An American in Paris Reviews
Beyond the vibrant visuals and appealing performances, the captivating dance scenes and classic Gershwin musical numbers are the sweetest moments in the film. The ballet scene at the beginning where Lisa poses in different dresses and colored sets, the amazing scene with Gene Kelly sings to all the French children in English and the extravagant mass dance sequence at the end that encompasses like 10 different sets and 200 dancers. It's all incredible.
It isn't perfect, though. The film is really light. The narrative is simple and harmless, focused on a struggling artist caught between two women and finally ending up with the one he loves (the fact that he and his acquaintance love the same woman is an interesting dynamic, though). The characters are very likable, but don't have much depth. The story doesn't have any weight or significance, it's just really fun. If you're looking for a film with a human story and intriguing ideas, this isn't it. An American in Paris is an old-fashioned musical designed to do little, but charm and entertain.
Great Dancing Singing Acting, especially by the always effervescent Gene Kelly.
A bit plain on story, but it's all about the dance numbers and the classic songs.
If you want a great story with all the high flying fun of Kelly, see Singin In The Rain, but this is a close second..
4.5 out of 5 grinning strut walks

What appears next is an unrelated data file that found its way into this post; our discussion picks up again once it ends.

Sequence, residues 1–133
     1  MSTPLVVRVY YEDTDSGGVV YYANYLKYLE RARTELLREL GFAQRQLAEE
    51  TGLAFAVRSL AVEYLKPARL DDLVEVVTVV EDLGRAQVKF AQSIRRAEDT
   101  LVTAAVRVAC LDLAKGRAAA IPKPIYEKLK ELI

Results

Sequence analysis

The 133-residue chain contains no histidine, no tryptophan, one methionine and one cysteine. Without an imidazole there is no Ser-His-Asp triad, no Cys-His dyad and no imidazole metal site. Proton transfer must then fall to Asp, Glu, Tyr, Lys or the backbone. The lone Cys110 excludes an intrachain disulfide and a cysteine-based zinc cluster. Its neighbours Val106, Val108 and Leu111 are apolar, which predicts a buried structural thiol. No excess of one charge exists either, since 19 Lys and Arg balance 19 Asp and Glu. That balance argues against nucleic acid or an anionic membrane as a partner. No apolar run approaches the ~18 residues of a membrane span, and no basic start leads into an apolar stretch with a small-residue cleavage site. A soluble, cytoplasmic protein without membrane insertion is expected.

The problem is that all of this beauty exists in a movie that has disturbing things to say about women. This starts with the character Milo Roberts, played by Nina Foch. She is the villain of the movie, according to the men, but by modern sensibilities never comes across as villainous at all. The male characters take her to task for showing at patron's and romantic interest in the artist Jerry Mulligan, played by Gene Kelly. A particularly harsh verbal attack at a wild party that leads into the final dance number suggests she is a vile predator, despite her being age-appropriate for the late-30s Gene Kelly.
Contrast that appropriateness with Mulligan's pursuit of the 19-year old Lise Bouvier, played by Leslie Caron. He stalks her despite her discomfort and then her verbal requests for him to stop being inappropriate. Perhaps his character is supposed to be much younger than Gene Kelly was at the time, but the nearly 20-year difference between the two is obvious. The storyline parallels Kelly's real life discovery an patronage of Caron, and today it is shocking that this is considered just fine when it is an older man helping a young woman, but a scandal when it is an older woman helping a similarly-aged man.
The plot concerns a four-way triangle and ends with a disturbing scene that suggests Lise is an object to be handed between men at their digression. She is not the one who gets to make the choice.
The music and the dancing are, of course, absolutely wonderful and the only reason I give this three stars. Another highlight is Oscar Levant's orchestral fantasy, complete with him at every instrument. It is unclear, though, what purpose his character actually serves. He becomes aware of the various romantic entanglements, but doesn't do or say anything about it except condemn Roberts. By the end of the movie he has had no character arc and there are not hints about what will happen with him and his music. Like Roberts, his character is dropped before the final number, without resolution.